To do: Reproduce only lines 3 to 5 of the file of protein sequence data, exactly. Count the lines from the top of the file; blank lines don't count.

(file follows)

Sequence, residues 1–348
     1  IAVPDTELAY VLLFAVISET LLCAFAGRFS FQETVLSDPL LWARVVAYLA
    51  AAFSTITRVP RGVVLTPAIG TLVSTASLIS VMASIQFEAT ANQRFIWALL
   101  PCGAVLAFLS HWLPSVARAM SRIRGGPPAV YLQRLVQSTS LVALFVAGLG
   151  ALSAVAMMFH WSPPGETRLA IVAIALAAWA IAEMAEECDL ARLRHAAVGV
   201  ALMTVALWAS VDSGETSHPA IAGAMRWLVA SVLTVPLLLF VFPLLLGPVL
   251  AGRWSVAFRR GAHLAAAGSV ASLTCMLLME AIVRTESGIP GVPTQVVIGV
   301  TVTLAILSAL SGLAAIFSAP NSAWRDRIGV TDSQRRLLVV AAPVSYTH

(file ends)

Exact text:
    51  AAFSTITRVP RGVVLTPAIG TLVSTASLIS VMASIQFEAT ANQRFIWALL
   101  PCGAVLAFLS HWLPSVARAM SRIRGGPPAV YLQRLVQSTS LVALFVAGLG
   151  ALSAVAMMFH WSPPGETRLA IVAIALAAWA IAEMAEECDL ARLRHAAVGV